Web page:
Moreover, another unnoticed fact is that democracy is inherently consumption oriented. Political parties have to face pressure from masses to meet their basic needs. This pressure is severe in countries having huge poverty. Political parties in order to woo these poor masses try to spend as much public money as possible. Resultantly Benazir income support programme, sasti roti scheme and other such schemes are initiated.

Such schemes are funded by using tax money or borrowed money but don’t generate any returns. Successive Governments have to borrow in order to pay these loans. Hence, the country is struck in debt trap.

Moreover, Democratic Governments are elected to rule for a limited time period before next elections. Their short term tenure forces them to borrow long-term funds, which are costly as compared to short-term loans. On the investment side these Government spend on projects which have short gestation periods. These short-run projects generate low returns. Resultantly the debt burden began to accumulate and multiply. The precarious position on exchange rate front further aggravate the matter as the weakening of domestic currency increases the external debt stock in domestic currency. 

To pay back Govt. is left with two option either tax masses, which are its voters, or borrow more to return the previous loans. The elected Government go for the second option.

The solution to the above issue is having strong checks and balances on elected Government. Some of the checks and balances are mentioned below.
1.    Central bank’s freedom should be ensured.
2.    Civil Servants should be given constitutional guarantee (regarding job security, tenure security).
3.    Chancellor for public works should be appointed who would check Govt. from initiating useless public works.
4.    The most important step which may need constitutional amendment is election of deputy prime minister, who would be responsible for economics and finance, from senate.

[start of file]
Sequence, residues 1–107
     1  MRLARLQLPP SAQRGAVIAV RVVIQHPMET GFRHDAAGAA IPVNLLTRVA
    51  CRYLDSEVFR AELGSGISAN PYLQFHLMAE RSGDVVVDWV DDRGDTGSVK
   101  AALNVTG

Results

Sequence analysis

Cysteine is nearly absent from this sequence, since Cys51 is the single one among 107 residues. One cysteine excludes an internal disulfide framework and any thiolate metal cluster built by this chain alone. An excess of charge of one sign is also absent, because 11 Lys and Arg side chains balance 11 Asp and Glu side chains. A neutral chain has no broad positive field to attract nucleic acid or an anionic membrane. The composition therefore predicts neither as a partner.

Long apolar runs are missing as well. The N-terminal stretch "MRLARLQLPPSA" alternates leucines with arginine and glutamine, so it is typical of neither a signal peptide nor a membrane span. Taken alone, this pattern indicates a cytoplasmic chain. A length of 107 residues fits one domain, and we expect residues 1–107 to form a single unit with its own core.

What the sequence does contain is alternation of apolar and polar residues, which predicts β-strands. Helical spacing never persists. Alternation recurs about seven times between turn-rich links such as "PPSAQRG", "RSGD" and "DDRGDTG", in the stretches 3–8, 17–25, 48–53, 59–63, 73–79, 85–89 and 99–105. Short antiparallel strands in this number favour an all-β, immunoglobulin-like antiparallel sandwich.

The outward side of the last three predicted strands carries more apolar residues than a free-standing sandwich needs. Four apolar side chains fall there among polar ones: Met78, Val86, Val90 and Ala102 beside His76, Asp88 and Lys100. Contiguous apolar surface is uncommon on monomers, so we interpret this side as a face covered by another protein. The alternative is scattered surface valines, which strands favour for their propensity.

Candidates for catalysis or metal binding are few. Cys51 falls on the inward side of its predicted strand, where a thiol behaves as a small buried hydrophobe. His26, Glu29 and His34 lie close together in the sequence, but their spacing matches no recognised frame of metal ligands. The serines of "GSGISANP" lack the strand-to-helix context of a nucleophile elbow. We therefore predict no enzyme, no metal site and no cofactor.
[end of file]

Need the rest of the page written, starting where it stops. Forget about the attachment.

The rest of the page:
The above mentioned steps though difficult but can be implemented.  A step by step approach can be adopted. Furthermore the date from which such legislation would be implementable should have necessary time lag so, that Government doesn’t become adversary of its own decision.






Saturday, October 28, 2017

One more Asian billionaire every other day: UBS study finds



According to a study by UBS and PwC a billionaire in Asia is created every other day. Total billionaires in Asia are 637 as compared to 563 in U.S. The study further says that a 17% surge in billionaire wealth is supported by new billionaires born in Asia as well as an uptick in growth in materials, industrial, financial and technology sectors.

The total billionaire wealth has increased from USD 5.1 trillion to USD 6 trillion in 2016.

Billionaires from United States owns 2.8 trillion USD, an increase of .4 trillion dollars. Combined wealth of Asian billionaires grew from 1.5 trillion dollars to 2 trillion USD. Combined total wealth of 342 European billionaires was 1.3 trillion USD.

The study also mentioned that if the current trend continued, it is likely that Asian billionaires would overtake U.S. billionaires in wealth in four years. The surge in billionaires’ population in Asia can be attributed to growth in China and India, which have 318 and 100 billionaires respectively.